Sleep Well In Spite of the Time Change(March 2, 2023) — Getting enough sleep isn’t easy, so who wouldn’t cheer when the Spring time change (Sunday, March 12 this year) forces everybody to “spring forward,” turning the clock ahead and letting people sleep for an extra hour? Not so fast, though.

Dr. Anuj Chandra, medical director of the Advanced Center for Sleep Disorders, says that sleep disruption from time change can cause serious problems, including increased driving accidents, increased workplace accidents, lower school performance, and even a small increase in heart attacks.

“People either like the extra sleep or think the clock change is a minor annoyance, but it’s really a disruption to your body’s regular sleep-wake cycle, and that can cause problems,” said Dr. Chandra.

There’s new scientific evidence supporting that idea. According to a recent study presented at the American College of Cardiology’s Annual Scientific Session, following five good sleep habits added almost five years to a man’s life expectancy and almost 2.5 years to a woman’s. Those five habits are:

  • Get 7–8 hours of sleep every night
  • You don’t wake up during the night more than twice a week
  • You don’t have trouble falling asleep more than twice a week
  • Don’t use any sleep medications to get your rest
  • You wake up feeling rested at least five days a week

And unfortunately, people in our area tend to report shorter sleep time. According to the U.S. Centers for Disease Control and Prevention, the proportion of adults who report less than 7 hours of sleep per night range from 29.3% in Colorado to 42.8% in West Virginia. In counties around Chattanooga, rates of short sleep time are on the high end of that range:

  • Hamilton,1%
  • Bradley, 38.9%
  • McMinn, 41.3%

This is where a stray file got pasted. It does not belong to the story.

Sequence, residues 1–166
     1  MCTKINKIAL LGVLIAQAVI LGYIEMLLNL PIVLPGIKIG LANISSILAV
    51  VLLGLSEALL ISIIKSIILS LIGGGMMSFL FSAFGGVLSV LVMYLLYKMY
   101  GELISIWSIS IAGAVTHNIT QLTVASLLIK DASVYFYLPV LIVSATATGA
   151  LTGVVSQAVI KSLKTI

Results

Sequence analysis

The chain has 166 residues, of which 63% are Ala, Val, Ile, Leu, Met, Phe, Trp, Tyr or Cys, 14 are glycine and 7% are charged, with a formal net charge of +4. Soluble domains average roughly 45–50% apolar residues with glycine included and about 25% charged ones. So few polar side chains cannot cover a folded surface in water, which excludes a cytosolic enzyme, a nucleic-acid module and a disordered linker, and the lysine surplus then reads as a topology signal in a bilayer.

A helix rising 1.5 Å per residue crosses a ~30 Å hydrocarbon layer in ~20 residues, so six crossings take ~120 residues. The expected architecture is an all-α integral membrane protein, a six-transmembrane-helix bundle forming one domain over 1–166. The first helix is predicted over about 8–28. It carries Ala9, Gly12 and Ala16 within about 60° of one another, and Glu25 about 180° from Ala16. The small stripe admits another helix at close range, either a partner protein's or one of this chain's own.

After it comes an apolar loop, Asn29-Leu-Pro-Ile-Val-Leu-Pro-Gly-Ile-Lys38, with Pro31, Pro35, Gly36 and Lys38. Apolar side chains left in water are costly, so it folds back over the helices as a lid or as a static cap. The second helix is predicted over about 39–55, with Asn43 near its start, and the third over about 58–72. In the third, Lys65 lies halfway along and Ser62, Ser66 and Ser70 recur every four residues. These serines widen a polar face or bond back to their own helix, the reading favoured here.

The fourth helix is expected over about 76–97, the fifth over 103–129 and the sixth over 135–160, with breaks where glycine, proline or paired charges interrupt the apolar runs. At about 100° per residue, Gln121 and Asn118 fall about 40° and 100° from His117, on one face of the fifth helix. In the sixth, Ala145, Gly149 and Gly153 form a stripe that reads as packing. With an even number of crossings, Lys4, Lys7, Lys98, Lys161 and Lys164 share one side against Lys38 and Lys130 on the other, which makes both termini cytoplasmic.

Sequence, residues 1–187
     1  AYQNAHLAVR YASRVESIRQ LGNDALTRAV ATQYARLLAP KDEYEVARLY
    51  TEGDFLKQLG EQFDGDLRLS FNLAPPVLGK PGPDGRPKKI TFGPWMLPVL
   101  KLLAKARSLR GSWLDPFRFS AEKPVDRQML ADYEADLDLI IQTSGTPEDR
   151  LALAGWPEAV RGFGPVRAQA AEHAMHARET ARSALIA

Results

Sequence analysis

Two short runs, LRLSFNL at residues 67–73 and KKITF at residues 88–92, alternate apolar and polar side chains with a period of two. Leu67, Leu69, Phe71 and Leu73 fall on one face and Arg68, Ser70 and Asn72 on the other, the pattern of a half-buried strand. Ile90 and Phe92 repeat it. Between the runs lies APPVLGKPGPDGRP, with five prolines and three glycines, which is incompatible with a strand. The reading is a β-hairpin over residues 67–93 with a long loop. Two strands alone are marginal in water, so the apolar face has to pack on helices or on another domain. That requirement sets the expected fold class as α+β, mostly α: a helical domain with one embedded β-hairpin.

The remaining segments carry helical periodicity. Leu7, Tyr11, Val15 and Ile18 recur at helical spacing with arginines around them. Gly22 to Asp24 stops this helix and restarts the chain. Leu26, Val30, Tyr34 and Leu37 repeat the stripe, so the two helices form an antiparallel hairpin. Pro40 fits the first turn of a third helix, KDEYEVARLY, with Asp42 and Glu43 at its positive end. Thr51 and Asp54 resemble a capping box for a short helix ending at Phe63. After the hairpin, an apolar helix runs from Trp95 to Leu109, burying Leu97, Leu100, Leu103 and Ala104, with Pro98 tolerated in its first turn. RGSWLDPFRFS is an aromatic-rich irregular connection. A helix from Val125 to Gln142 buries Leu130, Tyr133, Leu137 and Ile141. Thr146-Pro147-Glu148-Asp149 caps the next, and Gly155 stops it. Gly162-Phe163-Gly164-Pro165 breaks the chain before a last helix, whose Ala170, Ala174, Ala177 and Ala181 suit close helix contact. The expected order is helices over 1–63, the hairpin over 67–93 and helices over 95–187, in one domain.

• Rhea, 42.9%
  • Catoosa, 37.3%
  • Walker, 39.9%
  • Dade, 36.3%
  • Whitfield, 37.0%

Tips for Getting Better Sleep

Here are Dr. Chandra’s top tips to reduce the impact of the time change and get more sleep throughout the year:

  1. When the time changes, get up at your usual time — “You will sleep better after the time change if you stick to your old clock time on the night the time changes. Re-set your clock after you get up,” said Dr. Chandra.
  2. Enjoy the sun — “After the time changes, get outside into the sunlight as much as you can. It helps reset your internal clock faster,” said Dr. Chandra.
  3. No naps — “Resist the urge to nap for a few days after the time change. Napping makes it harder for your body clock to reset, so it works against you in the long run,” said Dr. Chandra.
  4. Turn off your screens — “Turn off all electronic devices — anything with a screen — at least one hour before you go to bed. The blue-spectrum light that comes from screens reduces your body’s production of melatonin at night, when you need it to help you fall asleep,” said Dr. Chandra.

FYI: Wasn’t Daylight Savings Time Supposed to Stop for Good?

Tennessee Governor Bill Lee signed a law in 2019 scrapping the time change, but the state law can’t take effect unless the U.S. Congress passes a federal law allowing states to act. In 2022, the U.S. Senate passed a bill to end the annual time change, but the House never took a vote, so the bill died.

Recent study:


CDC data:

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